Recipe by J.A. Harrison
- 1.5 oz. Cardenal Mendoza Solera Reserva
- 0.25 oz. Angelus liqueur
- 0.75 oz. Oloroso Sherry
- 1.0 oz. Coffee-Banana Syrup*
- 9 drops Bittermens Xocolatl Mole Bitters
Preparation: Build liquid ingredients into a mixing glass and stir. Strain into a coupe and garnish with a cozy blanket of coconut-saigon whipped cream. Microplane a fluffy pillow of praline pecan atop.
Combine equal parts by weight cold-brew coffee and raw Demerara sugar in a saucepan over low-medium heat. Stir until well-combined. Then into a zip-locked bag, add 2 parts by weight banana purée to every 1 part coffee-demerara syrup, and sous vide mixture at 80° centigrade for 10 minutes. Fine strain through a nut milk bag or 100-micron superbag.
To make coconut-saigon whipped cream: Combine 1.5 oz coconut milk, 1.5 oz Coco Lopez, and 0.5 oz saigon syrup into a shaker tin. (If your bar does not already have saigon syrup, combine 1 cup purified water with 1 cup table sugar and 2 tsp ground Saigon cinnamon in a saucepan over low-medium heat, stir until well-combined, then fine strain.) Remove the coil from a Hawthorne strainer and drop it into the tin. Shake vigorously until your whipped cream yields soft-to-medium peaks, then carefully float cream atop cocktail.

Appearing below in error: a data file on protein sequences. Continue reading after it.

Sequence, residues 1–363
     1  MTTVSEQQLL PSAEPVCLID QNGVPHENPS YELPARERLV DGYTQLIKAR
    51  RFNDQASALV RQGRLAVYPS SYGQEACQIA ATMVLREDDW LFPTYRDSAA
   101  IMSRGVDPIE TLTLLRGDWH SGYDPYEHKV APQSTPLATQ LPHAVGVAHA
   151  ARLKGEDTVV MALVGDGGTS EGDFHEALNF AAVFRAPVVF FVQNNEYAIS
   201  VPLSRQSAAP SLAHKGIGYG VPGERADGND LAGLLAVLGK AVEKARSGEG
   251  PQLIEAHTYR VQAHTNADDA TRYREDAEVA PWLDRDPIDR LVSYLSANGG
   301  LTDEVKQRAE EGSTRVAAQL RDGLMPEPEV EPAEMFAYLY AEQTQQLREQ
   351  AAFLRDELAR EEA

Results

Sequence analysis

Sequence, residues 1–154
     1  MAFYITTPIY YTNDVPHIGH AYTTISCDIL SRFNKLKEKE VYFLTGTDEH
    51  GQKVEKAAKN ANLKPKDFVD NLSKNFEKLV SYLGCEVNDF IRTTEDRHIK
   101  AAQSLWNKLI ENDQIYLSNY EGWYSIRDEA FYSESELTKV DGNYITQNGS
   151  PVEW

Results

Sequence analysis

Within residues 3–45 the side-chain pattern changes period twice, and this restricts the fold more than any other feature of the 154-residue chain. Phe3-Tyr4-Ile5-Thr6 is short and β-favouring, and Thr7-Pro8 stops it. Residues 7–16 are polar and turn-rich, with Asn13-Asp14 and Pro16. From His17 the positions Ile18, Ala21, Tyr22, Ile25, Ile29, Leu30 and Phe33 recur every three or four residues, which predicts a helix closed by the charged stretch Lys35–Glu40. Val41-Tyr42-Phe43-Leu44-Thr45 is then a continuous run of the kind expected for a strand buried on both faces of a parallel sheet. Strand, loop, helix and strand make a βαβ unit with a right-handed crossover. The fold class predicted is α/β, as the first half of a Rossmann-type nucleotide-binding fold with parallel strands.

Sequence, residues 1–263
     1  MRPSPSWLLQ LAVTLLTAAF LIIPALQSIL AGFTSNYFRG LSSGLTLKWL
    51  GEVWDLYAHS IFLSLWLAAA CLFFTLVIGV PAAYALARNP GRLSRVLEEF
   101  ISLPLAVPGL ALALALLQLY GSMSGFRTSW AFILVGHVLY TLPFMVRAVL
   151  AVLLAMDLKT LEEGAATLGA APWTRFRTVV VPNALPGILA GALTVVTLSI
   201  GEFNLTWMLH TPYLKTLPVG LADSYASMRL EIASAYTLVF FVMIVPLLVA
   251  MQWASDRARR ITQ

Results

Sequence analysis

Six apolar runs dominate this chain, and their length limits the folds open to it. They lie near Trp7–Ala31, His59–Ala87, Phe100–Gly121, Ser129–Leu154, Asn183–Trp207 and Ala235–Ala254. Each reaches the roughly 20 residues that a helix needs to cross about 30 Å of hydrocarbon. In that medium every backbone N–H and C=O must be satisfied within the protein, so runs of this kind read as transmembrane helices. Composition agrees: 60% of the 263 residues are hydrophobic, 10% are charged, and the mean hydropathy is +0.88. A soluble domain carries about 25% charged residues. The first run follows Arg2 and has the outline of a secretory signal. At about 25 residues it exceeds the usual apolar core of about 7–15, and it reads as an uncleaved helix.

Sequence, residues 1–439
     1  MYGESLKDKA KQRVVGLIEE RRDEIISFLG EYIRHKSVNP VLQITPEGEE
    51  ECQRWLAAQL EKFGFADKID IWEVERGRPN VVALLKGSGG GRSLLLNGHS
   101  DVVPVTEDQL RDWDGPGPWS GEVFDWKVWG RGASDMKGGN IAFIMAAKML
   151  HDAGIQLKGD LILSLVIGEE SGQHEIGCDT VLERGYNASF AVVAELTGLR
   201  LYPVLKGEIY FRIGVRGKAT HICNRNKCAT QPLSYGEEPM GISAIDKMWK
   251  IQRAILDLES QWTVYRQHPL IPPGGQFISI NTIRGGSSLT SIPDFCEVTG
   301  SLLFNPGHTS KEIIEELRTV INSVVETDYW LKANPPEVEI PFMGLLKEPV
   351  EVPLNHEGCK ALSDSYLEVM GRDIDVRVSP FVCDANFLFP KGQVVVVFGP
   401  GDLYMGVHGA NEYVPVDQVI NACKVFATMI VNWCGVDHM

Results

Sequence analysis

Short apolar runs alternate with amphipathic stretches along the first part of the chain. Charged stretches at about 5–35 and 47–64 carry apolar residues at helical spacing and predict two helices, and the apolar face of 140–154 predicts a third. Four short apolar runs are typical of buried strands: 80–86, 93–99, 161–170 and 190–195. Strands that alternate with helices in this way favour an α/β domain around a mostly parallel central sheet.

Garnish: Coconut-Saigon Whipped Cream + Microplaned Praline Pecan
Glassware: Coupe Glass
For years, brandy has been my go-to after-dinner sipper. While others may reach for the heavier digestifs, I prefer the clean, elegant balance of a fine-charactered brandy. For this cocktail, I wanted to marry a dessert-like quality of a good after-dinner drink with the digestive aspect of a stirred, spirit-forward cocktail, perfect for the holidays. Notes of chocolate and Olorosso sherry help draw out the nuttiness of Cardenal Mendoza, while nuances of banana, coffee and cinnamon play off its considerable time spent in oak. A touch of Angelus liqueur provides a welcome but not overwhelming sweetness to round out the palette and leave a lasting finish.
Sobremesa is the Spanish tradition of relaxing at the table after a heavy meal, and is traditionally enjoyed with coffee, liqueur, and/or a cigar. Meaning literally “over the table,” it involves the time spent after a meal, making memories, hanging out with family and friends, digesting, chatting and enjoying each other’s company. As the holidays approach this year, I wanted this cocktail to become a go-to sombremesa serve around dinner tables everywhere, for new family traditions just waiting to be made.